Changing of the Guard

By April 14, 2016 Social Political

Every once in a while there are turning points in our lives when an event or a happening brings in dramatic changes, urging us to view our lives differently. These turning points may not be as significant as a world war or a major revolution, but they do reflect our mood and the dialectics at play in a given situation. For us in India, this seems to be the situation we are in at the moment, with a changing of the guard guiding our lives and our future.

Politically, after much ado, we witnessed a changing of the guard in both the ruling party and its opposition. The Indian National Congress party proposed 43-year-old Rahul Gandhi as its Vice-President and the person who would lead the party this moment onwards and could become India’s future Prime Minister. Its rival, the BJP, nominated Narendra Modi (20 years senior to Rahul Gandhi) as its prime ministerial candidate with the confidence of winning the General Elections in May 2014.

Both Rahul Gandhi and Narendra Modi replace a line-up of senior, and much older, politicians who have been in the forefront of Indian politics for years together. But the most surprising turning point in Indian politics was the arrival of 45-year-old Arvind Kejriwal (and his Aam Aadmi Party) who won the recent elections in Delhi to oust 75-year-old Sheila Dixit who had been Chief Minister of Delhi from 1998 to 2013. This is, perhaps, just the beginning. There are many young turks taking over the political reins in India.

In Indian business and industry too there’s a changing of the guard. Just over a year ago, (then) 44-year-old Cyrus Pallonji Mistry took over the realms of the Tatas, India’s largest and most-reputed business house, as the Chairman of Tata Sons, replacing (then) 75-year-old Ratan Tata who had lead the Tatas for 21 years. Cyrus Mistry is not the only young icon of Indian business today. The last couple of years has seen a ‘generational’ change in many leading Indian business houses.

For instance, in 2012, after 48 years, (then) 88-year-old Keshub Mahindra of Mahindra & Mahindra handed over the leadership of the company to his nephew (then) 56-year-old Anand Mahindra. Rahul Bajaj (now 75 years of age) of the Bajaj Group has decided to hand over the realms of his companies to his sons Sanjiv and Rajiv, both in their early forties. Shashi and Ravi Ruia of the Essar Group are also in the process of handing over some of their responsibilities to their sons Prashant and Anshuman; while Harsh Goenka, Chairman of the RPG Group, appoints his son Anant Goenka as MD of Ceat Tyres, its flagship company.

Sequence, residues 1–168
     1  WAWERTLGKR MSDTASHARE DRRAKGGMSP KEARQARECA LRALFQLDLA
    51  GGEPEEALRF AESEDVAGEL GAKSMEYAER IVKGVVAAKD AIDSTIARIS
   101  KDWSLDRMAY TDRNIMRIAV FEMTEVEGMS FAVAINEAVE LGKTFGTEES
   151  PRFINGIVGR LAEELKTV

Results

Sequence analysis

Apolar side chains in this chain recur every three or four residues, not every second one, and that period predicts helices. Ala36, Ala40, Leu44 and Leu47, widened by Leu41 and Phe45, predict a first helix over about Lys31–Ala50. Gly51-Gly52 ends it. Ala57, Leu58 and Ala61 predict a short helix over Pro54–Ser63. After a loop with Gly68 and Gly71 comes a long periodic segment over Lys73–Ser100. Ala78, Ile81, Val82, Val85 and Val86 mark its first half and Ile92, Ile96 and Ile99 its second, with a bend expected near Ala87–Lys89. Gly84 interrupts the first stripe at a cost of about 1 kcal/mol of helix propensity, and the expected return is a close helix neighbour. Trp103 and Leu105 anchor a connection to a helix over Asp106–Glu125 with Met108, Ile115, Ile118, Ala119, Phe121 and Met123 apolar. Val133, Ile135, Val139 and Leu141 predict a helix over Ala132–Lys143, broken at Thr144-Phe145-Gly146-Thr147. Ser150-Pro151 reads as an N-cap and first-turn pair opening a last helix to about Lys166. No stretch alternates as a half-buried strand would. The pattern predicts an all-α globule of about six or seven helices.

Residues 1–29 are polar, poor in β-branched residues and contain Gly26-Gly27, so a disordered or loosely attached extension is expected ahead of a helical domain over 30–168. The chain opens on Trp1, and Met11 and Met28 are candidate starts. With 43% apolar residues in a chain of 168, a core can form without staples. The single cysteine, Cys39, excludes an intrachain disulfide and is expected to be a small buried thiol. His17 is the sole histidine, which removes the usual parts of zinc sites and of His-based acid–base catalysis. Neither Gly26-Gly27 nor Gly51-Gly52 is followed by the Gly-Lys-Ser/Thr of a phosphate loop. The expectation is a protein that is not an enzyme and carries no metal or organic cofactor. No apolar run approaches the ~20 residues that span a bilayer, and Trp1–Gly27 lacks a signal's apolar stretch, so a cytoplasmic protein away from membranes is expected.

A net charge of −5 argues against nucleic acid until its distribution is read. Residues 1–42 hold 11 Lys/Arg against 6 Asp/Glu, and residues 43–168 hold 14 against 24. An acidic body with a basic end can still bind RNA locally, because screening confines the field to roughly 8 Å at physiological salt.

Indian sports has also experienced a changing of the guard with Sachin Tendulkar (40 years), our leading cricket batsman and a national hero, stepping out of the limelight and making room for younger players such as Mahendra Singh Dhoni (32 years), Virat Kohli (25 years), Cheteshwar Pujara (26 years), Shikhar Dhawan (28 years), among others. Other young sportspersons who have won our hearts include Saina Nehwal (23 years) and PV Sindhu (18 years) in badminton, Amit Kumar Dahiya (19 years) in wrestling, Gaganjeet Bhullar (25 years) in golf, Gaurav Gill (32 years) in car racing, among many others.

In other fields too we have witnessed a changing of the guard: Raghuram Rajan (50 years of age) replaced D uvvuri Subbarao (64 years) to become our latest Governor of the Reserve Bank of India; Ranbir Kapoor and Ranveer Singh stole much of the Bollywood limelight from older stars Aamir Khan, Shahrukh Khan and Salman Khan; and contemporary home-grown writers such as Amish Tripathi attracted both Indian and foreign publishers and film producers. Such changes promise a younger, energetic and refreshing future for India.

Source: India Today January 13, 2014 issue

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